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Care of Your New Hosta


Give your new hosta the best chance to be its best!  Here's some tips to make that happen.

Upon delivery, unwrap your hosta. Re-wet the paper towel covering the roots if it has dried out in shipment. Keep moist, but not wet, until you can plant the hosta.Hostas shipped in early spring may not yet have foliage. Hostas shipped in summer will have foliage, however there may be some leaf yellowing present. Fall shipped hostas may be beginning to enter their dormancy but are still growing roots.

All hostas DO need at least some indirect or dappled sunlight to survive. However, too much direct sun can be damaging to hostas, even sun tolerant ones. Generally, full to dappled morning sun and afternoon shade is an ideal location for hostas. There are many varieties that are sun tolerant and can be placed in as much as four to six hours of sun, but do require more water.

Planting your Hosta Directly into the Garden
Plant your new hosta in well-draining soil in a hole twice the width of the roots. Tuck the roots in pointed downward and the eyes or growing points slightly below the soil surface. Hostas can grow well in nearly any type of soil.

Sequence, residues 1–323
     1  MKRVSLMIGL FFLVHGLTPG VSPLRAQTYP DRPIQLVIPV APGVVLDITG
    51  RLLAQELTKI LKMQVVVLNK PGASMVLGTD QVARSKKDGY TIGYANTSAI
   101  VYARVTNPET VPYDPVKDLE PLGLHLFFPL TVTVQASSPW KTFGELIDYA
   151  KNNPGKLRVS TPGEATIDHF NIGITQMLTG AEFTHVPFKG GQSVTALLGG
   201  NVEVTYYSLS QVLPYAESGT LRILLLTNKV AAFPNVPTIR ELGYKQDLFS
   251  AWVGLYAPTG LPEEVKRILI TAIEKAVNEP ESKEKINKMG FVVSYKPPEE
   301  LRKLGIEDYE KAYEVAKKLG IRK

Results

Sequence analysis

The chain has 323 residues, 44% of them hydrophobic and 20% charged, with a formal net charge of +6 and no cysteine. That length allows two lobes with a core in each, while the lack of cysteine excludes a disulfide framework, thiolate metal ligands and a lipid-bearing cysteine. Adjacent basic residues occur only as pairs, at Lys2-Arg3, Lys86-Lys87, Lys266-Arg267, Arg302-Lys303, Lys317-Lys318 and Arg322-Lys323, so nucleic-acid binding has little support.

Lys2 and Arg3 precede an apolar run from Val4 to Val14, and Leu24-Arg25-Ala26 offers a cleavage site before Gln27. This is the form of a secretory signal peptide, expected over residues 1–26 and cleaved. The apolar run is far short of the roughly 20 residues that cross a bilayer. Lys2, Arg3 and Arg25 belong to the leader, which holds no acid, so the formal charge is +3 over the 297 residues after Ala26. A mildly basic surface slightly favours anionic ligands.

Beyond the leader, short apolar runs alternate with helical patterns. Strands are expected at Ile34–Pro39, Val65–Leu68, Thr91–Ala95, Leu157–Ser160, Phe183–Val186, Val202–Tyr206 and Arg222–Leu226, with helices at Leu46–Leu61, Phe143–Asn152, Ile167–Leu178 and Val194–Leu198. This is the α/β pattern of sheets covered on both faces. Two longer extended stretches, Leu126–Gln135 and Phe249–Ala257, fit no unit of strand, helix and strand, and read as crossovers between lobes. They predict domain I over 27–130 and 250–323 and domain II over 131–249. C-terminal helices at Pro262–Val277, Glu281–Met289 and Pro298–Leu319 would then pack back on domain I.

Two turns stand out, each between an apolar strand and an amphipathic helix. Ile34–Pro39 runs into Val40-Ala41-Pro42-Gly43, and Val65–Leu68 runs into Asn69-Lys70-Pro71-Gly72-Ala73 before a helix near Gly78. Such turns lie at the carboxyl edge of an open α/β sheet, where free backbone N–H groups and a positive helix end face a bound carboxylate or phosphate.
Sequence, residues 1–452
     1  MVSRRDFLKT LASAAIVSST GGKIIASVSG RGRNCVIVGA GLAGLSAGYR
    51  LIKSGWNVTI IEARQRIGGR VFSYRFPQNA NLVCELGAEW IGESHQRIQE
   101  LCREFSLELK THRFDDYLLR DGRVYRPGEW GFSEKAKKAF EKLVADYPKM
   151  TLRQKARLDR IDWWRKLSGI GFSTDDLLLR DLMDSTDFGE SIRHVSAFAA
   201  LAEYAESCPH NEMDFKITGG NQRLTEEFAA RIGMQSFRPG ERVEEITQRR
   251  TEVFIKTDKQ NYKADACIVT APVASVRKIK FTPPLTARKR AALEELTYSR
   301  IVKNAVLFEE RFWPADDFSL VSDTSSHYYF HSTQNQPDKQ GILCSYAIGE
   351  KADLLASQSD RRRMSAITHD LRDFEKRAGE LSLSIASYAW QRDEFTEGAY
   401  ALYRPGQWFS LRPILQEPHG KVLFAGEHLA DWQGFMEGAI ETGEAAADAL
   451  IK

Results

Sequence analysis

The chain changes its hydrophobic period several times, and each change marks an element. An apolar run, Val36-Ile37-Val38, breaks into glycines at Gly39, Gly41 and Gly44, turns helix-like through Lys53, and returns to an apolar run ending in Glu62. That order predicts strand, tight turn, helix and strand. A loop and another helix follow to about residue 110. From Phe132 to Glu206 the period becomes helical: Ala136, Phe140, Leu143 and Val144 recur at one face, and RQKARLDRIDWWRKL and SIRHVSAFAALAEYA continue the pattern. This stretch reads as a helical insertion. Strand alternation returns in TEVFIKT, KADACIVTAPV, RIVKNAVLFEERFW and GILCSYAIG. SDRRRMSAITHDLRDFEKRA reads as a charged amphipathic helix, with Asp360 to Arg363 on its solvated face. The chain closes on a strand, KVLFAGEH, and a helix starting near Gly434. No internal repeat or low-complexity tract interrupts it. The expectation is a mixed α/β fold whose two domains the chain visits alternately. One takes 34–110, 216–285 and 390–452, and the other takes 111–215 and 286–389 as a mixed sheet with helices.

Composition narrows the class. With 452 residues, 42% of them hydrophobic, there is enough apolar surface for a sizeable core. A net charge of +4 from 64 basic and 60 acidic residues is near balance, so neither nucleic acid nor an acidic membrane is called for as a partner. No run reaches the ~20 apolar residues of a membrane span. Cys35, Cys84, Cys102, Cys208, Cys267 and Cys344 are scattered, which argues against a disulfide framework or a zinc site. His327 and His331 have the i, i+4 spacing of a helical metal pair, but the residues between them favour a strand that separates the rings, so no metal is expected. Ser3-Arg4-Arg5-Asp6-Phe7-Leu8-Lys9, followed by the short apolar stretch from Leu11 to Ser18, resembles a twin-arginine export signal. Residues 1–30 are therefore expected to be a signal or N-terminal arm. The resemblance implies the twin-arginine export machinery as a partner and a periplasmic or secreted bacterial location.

The best soil for hostas, however, is one that is rich in plant foods (compost), retains moisture well yet drains easily. Hosta roots can grow anywhere from 6 to 18" deep and require plenty of space between plants for good air circulation. 

Water well for the first few weeks until established, then when needed. A good layer of mulch will help retain moisture to the roots. You can use a 5-10-5 fertilizer for your hostas or aged manure.

The amount of sun a hosta gets will influence the color of the leaves. Certain hosta varieties will not get their final color until they are more mature, while other varieties get their specific coloring at a certain time of year. For instance, blue hostas get the blue color from a waxy coating on the leaves. Under the waxy coating, the leaves are actually green. That is why in many pictures of a "blue" hosta, the leaves appear green. The waxy blue coating will return the next season so moving your hosta to a shadier location for the next season may give you the coloring you want.

And if you're not in the group already, welcome to the world of Hosta-Holics!

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